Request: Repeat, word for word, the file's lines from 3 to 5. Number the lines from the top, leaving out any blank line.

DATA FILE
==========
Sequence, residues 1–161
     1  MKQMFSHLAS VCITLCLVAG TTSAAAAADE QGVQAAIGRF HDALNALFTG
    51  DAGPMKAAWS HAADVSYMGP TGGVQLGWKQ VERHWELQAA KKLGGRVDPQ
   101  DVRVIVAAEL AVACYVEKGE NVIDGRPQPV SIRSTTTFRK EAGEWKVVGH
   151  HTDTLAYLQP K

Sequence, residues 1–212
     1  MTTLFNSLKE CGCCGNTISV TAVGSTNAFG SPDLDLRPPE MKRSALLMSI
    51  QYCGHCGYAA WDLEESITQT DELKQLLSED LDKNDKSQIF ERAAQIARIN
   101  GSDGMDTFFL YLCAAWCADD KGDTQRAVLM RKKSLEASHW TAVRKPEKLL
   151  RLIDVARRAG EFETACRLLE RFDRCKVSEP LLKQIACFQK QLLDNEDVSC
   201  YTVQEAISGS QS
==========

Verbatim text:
    51  DAGPMKAAWS HAADVSYMGP TGGVQLGWKQ VERHWELQAA KKLGGRVDPQ
   101  DVRVIVAAEL AVACYVEKGE NVIDGRPQPV SIRSTTTFRK EAGEWKVVGH
   151  HTDTLAYLQP K